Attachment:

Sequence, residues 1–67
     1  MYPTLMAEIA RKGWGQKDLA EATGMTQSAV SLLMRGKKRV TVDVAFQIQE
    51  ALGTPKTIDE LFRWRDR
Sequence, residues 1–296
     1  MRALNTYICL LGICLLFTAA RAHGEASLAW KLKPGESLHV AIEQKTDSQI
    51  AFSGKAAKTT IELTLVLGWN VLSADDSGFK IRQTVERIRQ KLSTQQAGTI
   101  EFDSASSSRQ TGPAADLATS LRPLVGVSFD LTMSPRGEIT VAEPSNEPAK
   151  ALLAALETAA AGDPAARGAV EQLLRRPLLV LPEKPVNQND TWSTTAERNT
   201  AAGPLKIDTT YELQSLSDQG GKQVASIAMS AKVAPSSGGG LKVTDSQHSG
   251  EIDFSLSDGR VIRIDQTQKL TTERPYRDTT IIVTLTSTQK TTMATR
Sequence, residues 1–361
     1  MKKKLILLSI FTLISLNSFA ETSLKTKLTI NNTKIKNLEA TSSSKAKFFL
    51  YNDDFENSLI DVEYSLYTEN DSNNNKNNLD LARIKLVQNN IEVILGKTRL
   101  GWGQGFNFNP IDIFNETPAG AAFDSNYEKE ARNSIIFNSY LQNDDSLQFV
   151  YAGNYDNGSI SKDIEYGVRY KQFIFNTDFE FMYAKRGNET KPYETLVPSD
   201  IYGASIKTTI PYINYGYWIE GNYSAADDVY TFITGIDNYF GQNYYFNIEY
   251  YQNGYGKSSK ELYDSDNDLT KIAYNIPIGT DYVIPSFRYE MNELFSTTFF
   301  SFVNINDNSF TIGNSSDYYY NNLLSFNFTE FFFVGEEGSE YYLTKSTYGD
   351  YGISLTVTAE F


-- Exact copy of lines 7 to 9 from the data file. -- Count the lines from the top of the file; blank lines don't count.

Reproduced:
   101  EFDSASSSRQ TGPAADLATS LRPLVGVSFD LTMSPRGEIT VAEPSNEPAK
   151  ALLAALETAA AGDPAARGAV EQLLRRPLLV LPEKPVNQND TWSTTAERNT
   201  AAGPLKIDTT YELQSLSDQG GKQVASIAMS AKVAPSSGGG LKVTDSQHSG